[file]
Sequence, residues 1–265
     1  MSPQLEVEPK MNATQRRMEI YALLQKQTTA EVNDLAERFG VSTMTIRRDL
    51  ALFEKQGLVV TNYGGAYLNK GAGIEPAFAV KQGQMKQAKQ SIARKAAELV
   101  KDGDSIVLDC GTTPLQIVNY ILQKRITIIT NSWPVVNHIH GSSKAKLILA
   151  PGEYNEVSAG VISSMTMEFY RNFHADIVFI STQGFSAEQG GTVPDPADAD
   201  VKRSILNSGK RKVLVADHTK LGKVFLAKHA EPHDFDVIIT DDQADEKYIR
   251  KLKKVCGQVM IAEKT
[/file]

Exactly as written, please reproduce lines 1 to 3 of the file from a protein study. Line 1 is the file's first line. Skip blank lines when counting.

Sequence, residues 1–265
     1  MSPQLEVEPK MNATQRRMEI YALLQKQTTA EVNDLAERFG VSTMTIRRDL
    51  ALFEKQGLVV TNYGGAYLNK GAGIEPAFAV KQGQMKQAKQ SIARKAAELV